Patricia, who was previously Head of Knowledge Management at US Nuclear Regulatory Commission, and my task is now to turn the material collected into, in her words:

” The book I wish I’d had when I started”

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Which is why she and I spent time in Henley-on-Thames last week analysing what we’d heard in the interviews.

Let me take a step back.

It all began when:

I met Patricia in 2014 while I was chairing KMUK and she was a guest speaker describing the KM programme she’d set up and run for the organisation that oversees the US Nuclear industry.  Learning from near misses and from good practices while improving the way ‘newbies’ are inducted into the business had saved her organisation an estimated US$37 million while she was at the helm of the programme.

About the same time I was running Masterclasses on Effective Knowledge Capture and Retention and seeing real interest from organisations who’d recognised the potential risk of knowledge loss from merging, downsizing and retirements or as a result of having specialist skills resident in a small number of individuals only.

After exchanging ideas post conference we felt we had sufficient synergy to begin collaborating on a book focused on “Proven Knowledge Capture & Retention: Between Theory & Practice.”

Though our combined experience is approaching 80 years of business with a significant slug in KM and related activities we wanted to draw on the experiences of great practitioners.

Establishing criteria / identifying interviewees:

We agreed it was important to approach people who’d actually done it and got their hands dirty: who experienced highs and lows and maybe also seen their programmes wither on the vine after they or their sponsor left.

We knew many global practitioners, from chairing and speaking at/ attending KM related events but we wanted to spread the net wider than our own sphere of influence so in effect conducted a virtual “Peer Assist’ with senior global KM’ers and these are the criteria we set for selecting interviewees:

  •  A KM professional that actually built a KM program for an organization they worked in, as opposed to a consultant who was brought in to work on a KM program and then left.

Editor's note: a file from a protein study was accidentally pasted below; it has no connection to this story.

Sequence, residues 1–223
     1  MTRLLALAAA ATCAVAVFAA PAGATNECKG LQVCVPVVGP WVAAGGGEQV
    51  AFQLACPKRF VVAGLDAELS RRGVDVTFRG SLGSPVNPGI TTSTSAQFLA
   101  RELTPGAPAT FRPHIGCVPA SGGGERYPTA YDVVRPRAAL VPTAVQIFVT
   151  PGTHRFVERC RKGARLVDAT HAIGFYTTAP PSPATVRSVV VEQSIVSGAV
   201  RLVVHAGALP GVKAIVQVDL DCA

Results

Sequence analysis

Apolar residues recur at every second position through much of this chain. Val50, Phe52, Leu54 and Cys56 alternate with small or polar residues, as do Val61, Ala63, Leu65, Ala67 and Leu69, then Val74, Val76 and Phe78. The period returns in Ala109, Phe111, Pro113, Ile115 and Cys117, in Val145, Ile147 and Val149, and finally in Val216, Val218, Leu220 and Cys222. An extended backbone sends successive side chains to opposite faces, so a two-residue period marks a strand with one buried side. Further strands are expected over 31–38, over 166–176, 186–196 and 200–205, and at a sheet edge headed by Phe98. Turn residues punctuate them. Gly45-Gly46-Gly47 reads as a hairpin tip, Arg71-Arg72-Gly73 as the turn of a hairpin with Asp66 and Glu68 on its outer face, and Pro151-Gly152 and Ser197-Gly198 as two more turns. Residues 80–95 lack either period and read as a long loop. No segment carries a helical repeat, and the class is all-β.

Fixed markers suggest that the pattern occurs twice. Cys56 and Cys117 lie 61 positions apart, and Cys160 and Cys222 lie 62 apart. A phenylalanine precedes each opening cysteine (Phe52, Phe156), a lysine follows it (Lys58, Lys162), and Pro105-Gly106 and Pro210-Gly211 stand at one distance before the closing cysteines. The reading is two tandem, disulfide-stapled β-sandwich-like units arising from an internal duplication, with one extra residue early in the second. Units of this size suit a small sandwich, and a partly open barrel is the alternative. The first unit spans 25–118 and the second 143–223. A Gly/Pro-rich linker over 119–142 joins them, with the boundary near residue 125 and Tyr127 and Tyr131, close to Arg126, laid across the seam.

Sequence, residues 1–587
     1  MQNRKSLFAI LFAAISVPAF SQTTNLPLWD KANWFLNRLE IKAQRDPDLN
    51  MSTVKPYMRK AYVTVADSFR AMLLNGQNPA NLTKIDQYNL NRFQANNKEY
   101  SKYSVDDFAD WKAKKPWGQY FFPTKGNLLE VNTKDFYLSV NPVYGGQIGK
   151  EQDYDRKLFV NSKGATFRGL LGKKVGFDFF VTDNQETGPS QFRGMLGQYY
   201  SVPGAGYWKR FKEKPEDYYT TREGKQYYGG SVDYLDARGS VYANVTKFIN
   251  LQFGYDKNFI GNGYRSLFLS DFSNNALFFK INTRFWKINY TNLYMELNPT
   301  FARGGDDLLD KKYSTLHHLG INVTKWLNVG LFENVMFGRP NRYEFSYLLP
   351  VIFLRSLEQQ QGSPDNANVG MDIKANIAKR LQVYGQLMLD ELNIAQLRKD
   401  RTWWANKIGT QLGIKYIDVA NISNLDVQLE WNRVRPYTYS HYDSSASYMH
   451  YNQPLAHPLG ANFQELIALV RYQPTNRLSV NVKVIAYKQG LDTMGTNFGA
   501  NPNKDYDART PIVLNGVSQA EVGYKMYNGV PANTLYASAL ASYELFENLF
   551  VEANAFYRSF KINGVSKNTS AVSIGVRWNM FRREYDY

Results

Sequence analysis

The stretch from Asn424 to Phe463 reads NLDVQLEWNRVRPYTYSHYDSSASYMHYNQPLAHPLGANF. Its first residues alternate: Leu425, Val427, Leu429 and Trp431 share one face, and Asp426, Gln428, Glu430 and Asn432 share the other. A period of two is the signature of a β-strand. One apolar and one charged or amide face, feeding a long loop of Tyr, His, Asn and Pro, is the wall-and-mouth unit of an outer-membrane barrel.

•  Have spent at least 2 years on the programme.
  •  Primary person responsible for the KM programme – interfaces with executives
  •  Can point to a clear ROI, e.g., productivity or monetary
  •  A KM professional who can speak to what constituted the ROI:

Our thanks go to Patrick Lambe, David Gurteen, David Williams, Karuna Ramanathan, Shawn Callahan and Chris Collison for their recommendations.

Setting up the interviews, thinking about the questions:

In my Masterclasses I always stress how important the interview set up is.  Apart from thinking about the where its always vital to give the prospective interviewee time to think about the answers and to tell them what the process is. Here’s the questions we asked:

  • Tell me about the circumstances and the drivers behind the original knowledge retention programme and who was involved?
  • How did you go about determining what knowledge to try and capture/retain?
  • Give me a brief snapshot of how you went about capturing it.
  • What was the biggest challenge you had to overcome?
  • How did you convince your management to go for it? ‘Business Case?’
  • What difference do you think it made to your organisation?  What was the actual return on investment?
  • Is there a particular highlight you remember?
  • Having done this if you had to do this over again what would you do differently?
  • And finally what would you tell someone about to set out on a programme to capture and retain knowledge?

We also added:

  • If there is one book you felt helped or inspired you what would it be?

Conducting and recording the interviews:

We had a list which grew from 12 to 18. Patricia volunteered to do the interviews (she is good at it) as we felt continuity in style was important.

We thought about using technology to help with the cataloguing and analysis. Instead we agreed not to transcribe verbatim but to each listen to the interview and make our own notes / key points which we’d discuss face to face in January 2016.

We learned a lot (remembered a lot) about the importance of having technology back ups and also that many corporates don’t allow Skype.  We found that taping the conversation proved good enough for us to listen to and that DropBox was an effective and secure storage vehicle for the tapes.

Analysing & Sensemaking:

And so last week we found ourselves awash with flip charts, postit note, and marker pens. By Friday evening we had a structure for the chapters of the book and a pretty good idea of the examples, stories and quotes that would fill them. Here’s a snapshot of how we went about organising the material: